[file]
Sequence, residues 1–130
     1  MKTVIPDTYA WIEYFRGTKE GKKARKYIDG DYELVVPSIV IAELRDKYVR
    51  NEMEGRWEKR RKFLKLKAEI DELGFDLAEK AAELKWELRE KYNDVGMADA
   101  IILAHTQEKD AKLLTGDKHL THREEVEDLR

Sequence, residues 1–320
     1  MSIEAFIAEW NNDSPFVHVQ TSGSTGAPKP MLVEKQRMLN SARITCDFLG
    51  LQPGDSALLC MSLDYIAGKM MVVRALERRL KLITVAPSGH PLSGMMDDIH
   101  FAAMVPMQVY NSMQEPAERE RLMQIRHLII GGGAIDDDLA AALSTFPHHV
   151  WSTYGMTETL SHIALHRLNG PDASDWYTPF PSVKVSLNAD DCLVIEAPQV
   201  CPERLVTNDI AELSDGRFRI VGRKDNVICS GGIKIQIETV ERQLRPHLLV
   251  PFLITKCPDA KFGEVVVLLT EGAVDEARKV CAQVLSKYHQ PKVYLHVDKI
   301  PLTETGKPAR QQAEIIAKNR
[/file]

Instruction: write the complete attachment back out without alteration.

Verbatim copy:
Sequence, residues 1–130
     1  MKTVIPDTYA WIEYFRGTKE GKKARKYIDG DYELVVPSIV IAELRDKYVR
    51  NEMEGRWEKR RKFLKLKAEI DELGFDLAEK AAELKWELRE KYNDVGMADA
   101  IILAHTQEKD AKLLTGDKHL THREEVEDLR

Sequence, residues 1–320
     1  MSIEAFIAEW NNDSPFVHVQ TSGSTGAPKP MLVEKQRMLN SARITCDFLG
    51  LQPGDSALLC MSLDYIAGKM MVVRALERRL KLITVAPSGH PLSGMMDDIH
   101  FAAMVPMQVY NSMQEPAERE RLMQIRHLII GGGAIDDDLA AALSTFPHHV
   151  WSTYGMTETL SHIALHRLNG PDASDWYTPF PSVKVSLNAD DCLVIEAPQV
   201  CPERLVTNDI AELSDGRFRI VGRKDNVICS GGIKIQIETV ERQLRPHLLV
   251  PFLITKCPDA KFGEVVVLLT EGAVDEARKV CAQVLSKYHQ PKVYLHVDKI
   301  PLTETGKPAR QQAEIIAKNR